The insurgents now control three Pashtun-dominated districts in Kunduz and Baghlan-i-Jadid, a foothold in a region that was long considered safe. With a force estimated at 300 to 600 hard-core fighters, they operate checkpoints at night on the highway to the north, now a major supply route, local officials said, and are extorting money, food and lodging from villagers.

“The Taliban want to show the world that not only can they make chaos in southern Afghanistan, but in every part of Afghanistan,” Baghlan Governor Mohammad Akbar Barekzai said. “This is a big problem. We don’t have sufficient forces here.”

For U.S. commanders, whose stretched forces have been unable to pacify the south and are taking record casualties, it’s another looming problem.

US wants 20,000 more troops to fight Taliban

The commander of Nato forces in Afghanistan will ask for 20,000 more international troops as part of his new strategic plan for the alliance’s war against a resurgent Taliban

As US fades, Iran ups the ante in Iraq

If Washington, as many analysts believe, has decided to take advantage of Iran’s internal unrest to push the government on the nuclear issue, there is a crucial point: any arena of confrontation between the countries won’t be picked by the US alone. When push comes to shove, Iran will expand the confrontation to multiple fronts, and Iraq will be its first choice.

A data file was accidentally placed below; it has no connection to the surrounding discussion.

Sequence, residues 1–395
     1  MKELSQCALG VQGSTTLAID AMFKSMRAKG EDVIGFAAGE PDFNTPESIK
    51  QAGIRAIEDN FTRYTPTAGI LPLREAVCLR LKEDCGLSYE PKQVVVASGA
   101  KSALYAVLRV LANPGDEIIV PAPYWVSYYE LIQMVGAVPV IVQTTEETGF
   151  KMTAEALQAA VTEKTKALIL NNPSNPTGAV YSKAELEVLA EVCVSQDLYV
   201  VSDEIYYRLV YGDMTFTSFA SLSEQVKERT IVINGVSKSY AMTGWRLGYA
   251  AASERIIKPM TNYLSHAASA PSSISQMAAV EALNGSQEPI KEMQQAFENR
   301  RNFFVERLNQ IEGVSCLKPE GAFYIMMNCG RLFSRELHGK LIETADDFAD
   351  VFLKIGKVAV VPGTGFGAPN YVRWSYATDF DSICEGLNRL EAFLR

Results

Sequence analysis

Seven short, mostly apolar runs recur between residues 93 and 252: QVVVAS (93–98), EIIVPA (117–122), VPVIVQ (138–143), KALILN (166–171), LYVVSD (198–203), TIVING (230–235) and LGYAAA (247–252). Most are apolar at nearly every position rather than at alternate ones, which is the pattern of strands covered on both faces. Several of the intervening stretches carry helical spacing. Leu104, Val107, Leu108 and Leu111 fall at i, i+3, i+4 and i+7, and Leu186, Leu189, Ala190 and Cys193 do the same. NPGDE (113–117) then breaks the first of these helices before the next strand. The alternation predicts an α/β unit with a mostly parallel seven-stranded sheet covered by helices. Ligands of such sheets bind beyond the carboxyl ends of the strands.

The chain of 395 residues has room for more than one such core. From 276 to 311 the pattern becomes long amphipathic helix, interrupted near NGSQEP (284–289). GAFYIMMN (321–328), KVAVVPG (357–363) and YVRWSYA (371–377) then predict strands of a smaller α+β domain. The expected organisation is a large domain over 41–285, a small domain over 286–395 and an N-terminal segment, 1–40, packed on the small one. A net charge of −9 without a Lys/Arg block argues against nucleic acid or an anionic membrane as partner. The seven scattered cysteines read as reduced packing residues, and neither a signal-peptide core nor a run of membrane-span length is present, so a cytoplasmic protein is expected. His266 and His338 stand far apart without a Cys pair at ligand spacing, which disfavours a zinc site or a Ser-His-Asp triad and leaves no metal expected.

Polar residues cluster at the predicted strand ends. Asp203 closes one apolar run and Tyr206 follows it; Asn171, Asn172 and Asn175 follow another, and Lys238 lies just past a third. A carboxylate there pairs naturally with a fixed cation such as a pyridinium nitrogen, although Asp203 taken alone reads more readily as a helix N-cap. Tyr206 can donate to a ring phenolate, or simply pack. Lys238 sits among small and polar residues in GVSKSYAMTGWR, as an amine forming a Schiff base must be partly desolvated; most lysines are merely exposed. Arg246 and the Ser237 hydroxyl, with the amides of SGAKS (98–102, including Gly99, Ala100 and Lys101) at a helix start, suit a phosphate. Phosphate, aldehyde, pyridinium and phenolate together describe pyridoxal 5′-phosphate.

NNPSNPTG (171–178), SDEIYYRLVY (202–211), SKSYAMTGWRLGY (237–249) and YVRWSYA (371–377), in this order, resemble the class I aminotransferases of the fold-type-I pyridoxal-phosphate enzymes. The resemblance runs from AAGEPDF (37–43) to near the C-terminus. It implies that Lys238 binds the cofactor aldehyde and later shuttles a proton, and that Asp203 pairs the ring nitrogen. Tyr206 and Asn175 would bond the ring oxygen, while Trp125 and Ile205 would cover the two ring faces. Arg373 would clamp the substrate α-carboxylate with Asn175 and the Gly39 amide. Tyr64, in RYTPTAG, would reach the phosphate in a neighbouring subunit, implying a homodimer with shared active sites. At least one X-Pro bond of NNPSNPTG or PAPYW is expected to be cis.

Senior Saudi royal targeted in assassination attempt

Prince Mohammed bin Naif, the deputy interior minister and a leading figure in the crackdown against terrorism, was slightly injured after a Saudi militant with links to al-Qaeda blew himself up at a gathering in the prince’s Jeddah home on Thursday night, the Saudi Press Agency reported.

“The attack demonstrates the ongoing threat of terrorism in the kingdom,” said Christopher Boucek, an expert on militant groups at the Washington-based Carnegie Endowment for International Peace. “Had the attack killed or seriously wounded Prince Mohammed, it would have been a significant propaganda boost for al-Qaeda.”